Wednesday, December 28, 2011

Six Ways to Save the Internet

You can attend to the conference performed by Roger McNamee on "Six Ways to Save the Internet" by watching the following video.

Enjoy it!



Roger McNamee (born May 2, 1956) is a founding partner of the venture capital firm Elevation Partners. Prior to co-founding the firm McNamee co-founded private equity firm Silver Lake Partners and headed the T. Rowe Price Science and Technology Fund.

McNamee is also a touring musician, first as a founding member of the Flying Other Brothers, and more recently in that group's follow-on band, Moonalice. Between the two groups, McNamee estimated in April 2009 that he has played 800 shows.

Sunday, December 18, 2011

Google in a Quantum Network

Two Madrid scientists from The Complutense University think they have an
algorithm that may impact the nature of the world's leading search engine. In essence, they are saying Hey, world, Google This. "We have found an instance of this class of quantum protocols that outperforms its classical counterpart and may break the classical hierarchy of web pages depending on the topology of the web," say the researchers.

Google's PageRank algorithm represents of the idea that the importance of a webpage is measured by the number of important papers that point towards it. PageRank from Google not only measures a web page's popularity by how many sites, but the authority of the sites linking to the page.

Giuseppe Paparo and Miguel Martín-Delgado at The Complutense University in Madrid are taking the Google approach a step further. They have revealed a quantum version of the algorithm, and they have presented their findings in a paper dated December 9, "Google in a Quantum Network."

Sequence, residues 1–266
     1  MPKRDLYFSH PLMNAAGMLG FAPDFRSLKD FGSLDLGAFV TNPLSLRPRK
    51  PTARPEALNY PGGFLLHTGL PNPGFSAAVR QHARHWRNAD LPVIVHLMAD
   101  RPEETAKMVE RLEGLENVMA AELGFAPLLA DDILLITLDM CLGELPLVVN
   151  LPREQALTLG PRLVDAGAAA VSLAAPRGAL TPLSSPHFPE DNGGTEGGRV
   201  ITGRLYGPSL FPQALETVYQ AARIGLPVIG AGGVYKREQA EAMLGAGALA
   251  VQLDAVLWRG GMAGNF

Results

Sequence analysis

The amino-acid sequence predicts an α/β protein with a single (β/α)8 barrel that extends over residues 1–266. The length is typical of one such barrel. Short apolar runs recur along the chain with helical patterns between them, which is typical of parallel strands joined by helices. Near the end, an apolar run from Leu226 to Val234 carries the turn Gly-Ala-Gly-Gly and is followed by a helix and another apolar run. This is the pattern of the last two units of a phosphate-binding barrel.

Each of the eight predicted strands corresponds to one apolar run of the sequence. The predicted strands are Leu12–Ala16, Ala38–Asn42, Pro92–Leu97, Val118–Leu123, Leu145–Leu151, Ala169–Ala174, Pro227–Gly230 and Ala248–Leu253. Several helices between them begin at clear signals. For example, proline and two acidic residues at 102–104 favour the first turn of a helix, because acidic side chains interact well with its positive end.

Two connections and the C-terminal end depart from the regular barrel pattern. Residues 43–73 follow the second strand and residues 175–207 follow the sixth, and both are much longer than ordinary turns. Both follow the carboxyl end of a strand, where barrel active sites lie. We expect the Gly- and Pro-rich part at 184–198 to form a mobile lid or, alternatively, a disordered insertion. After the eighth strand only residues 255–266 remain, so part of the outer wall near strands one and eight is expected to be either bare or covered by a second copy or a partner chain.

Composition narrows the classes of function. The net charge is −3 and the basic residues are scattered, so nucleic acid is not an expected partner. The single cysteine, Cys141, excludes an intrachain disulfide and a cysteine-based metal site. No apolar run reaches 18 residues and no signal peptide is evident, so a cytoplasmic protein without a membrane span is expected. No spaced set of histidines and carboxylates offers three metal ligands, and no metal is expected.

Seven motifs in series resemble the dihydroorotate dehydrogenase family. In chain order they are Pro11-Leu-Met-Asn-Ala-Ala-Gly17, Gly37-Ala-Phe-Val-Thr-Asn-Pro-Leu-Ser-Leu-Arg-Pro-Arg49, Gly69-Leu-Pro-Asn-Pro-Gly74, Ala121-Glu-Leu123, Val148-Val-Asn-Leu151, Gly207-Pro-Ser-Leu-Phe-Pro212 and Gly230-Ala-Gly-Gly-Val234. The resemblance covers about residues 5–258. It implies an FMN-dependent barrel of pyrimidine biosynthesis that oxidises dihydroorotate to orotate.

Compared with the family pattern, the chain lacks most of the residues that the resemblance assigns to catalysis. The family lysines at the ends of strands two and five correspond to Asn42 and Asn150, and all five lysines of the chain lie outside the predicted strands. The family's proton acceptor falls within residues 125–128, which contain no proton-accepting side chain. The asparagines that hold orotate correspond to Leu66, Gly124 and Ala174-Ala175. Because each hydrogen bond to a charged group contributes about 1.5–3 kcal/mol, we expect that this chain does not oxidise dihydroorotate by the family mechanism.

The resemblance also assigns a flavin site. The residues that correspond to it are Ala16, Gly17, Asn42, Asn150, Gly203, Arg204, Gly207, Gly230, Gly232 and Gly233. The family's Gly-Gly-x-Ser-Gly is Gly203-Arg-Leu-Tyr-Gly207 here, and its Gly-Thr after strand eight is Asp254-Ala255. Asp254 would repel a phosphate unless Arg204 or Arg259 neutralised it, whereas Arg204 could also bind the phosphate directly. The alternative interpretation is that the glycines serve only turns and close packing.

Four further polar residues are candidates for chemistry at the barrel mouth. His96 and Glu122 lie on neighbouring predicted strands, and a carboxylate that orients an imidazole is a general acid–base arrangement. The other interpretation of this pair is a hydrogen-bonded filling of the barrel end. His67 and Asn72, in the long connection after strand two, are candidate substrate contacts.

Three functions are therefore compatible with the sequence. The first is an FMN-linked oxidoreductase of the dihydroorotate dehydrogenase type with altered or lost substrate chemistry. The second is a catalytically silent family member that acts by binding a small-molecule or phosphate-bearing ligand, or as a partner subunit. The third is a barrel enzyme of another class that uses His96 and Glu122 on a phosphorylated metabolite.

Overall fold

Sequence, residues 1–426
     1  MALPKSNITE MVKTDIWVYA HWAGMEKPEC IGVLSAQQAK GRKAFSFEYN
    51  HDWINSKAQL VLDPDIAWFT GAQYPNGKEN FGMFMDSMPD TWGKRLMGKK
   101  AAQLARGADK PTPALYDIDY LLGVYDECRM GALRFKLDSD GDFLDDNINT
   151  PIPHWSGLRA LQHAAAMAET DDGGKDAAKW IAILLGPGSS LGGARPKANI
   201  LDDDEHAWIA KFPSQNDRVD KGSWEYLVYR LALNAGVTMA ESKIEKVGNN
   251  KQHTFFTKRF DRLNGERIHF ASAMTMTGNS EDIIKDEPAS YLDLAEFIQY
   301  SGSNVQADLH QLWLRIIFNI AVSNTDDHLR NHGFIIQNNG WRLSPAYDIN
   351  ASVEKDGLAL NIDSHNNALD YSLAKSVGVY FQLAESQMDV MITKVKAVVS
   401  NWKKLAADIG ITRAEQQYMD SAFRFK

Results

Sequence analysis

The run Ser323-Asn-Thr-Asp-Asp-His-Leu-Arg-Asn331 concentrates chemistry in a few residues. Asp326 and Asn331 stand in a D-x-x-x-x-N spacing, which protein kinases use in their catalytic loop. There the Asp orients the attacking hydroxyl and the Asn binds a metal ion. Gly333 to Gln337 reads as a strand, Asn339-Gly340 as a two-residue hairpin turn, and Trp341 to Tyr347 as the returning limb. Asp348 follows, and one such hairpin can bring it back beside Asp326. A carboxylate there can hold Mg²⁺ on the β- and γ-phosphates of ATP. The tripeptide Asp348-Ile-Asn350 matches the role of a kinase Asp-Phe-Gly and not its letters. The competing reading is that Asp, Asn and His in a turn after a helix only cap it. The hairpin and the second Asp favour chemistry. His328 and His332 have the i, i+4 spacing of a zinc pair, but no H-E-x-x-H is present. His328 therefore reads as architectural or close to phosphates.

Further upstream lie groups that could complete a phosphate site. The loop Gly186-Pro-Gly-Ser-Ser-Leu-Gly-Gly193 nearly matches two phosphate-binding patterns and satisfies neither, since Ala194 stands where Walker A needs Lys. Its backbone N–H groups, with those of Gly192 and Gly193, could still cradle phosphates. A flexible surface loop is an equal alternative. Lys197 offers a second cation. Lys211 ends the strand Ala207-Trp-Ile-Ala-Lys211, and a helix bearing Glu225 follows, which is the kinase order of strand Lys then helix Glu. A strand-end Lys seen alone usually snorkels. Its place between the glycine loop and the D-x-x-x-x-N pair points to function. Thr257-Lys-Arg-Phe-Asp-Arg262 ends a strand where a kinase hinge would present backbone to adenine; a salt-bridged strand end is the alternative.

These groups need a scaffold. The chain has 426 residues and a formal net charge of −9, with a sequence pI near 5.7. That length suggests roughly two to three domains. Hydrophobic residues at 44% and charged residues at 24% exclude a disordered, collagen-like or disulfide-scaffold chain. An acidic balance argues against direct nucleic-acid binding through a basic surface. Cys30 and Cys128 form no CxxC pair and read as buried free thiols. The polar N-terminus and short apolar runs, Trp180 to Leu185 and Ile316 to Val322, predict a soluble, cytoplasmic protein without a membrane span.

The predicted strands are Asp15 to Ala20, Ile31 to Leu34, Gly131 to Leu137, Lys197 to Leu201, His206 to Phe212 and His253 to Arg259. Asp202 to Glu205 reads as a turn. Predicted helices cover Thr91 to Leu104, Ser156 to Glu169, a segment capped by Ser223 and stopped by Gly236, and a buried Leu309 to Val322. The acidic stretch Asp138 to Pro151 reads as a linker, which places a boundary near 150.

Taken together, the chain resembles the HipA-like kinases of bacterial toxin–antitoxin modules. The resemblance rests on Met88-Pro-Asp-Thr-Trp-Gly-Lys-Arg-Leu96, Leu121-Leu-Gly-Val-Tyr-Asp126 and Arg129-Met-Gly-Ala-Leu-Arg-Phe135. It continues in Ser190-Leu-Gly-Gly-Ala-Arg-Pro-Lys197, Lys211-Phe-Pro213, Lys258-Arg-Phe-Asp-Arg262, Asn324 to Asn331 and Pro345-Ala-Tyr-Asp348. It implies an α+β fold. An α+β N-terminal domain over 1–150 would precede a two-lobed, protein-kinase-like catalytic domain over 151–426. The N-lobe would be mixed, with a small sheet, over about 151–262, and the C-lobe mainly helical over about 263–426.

The distinguishing feature is speed. Quantum algorithms produce results "extremely rapidly," note reports, faster than a so called "classical" algorithm.

In their research using a tree graph, the quantum algorithm outperformed the classical algorithm in ranking the root page. They achieved similar results using a directed graph. The quantum algorithm identified the highest ranking page faster than a classical algorithm.

In quantum networks, information is routed as quantum bits, or qubits, rather than classical.

Technologists familiar with quantum computing believe that the classical web will be replaced, or enhanced, by a network of quantum nodes. Nonetheless, the recent research can be seen as an early step.

The paper from the scientist:

Thursday, December 15, 2011

Online Sharing in 2011

Facebook controls up 52.1 percent of all sharing on the web for the year 2011 to date.

An infographic on online sharing in 2011:


addthis-sharing-3

Card Sorting

Definition

Card sorting is a simple technique in user experience design and usability testing where a group of subject experts or "users", however inexperienced with design, are guided to generate a category tree or folksonomy.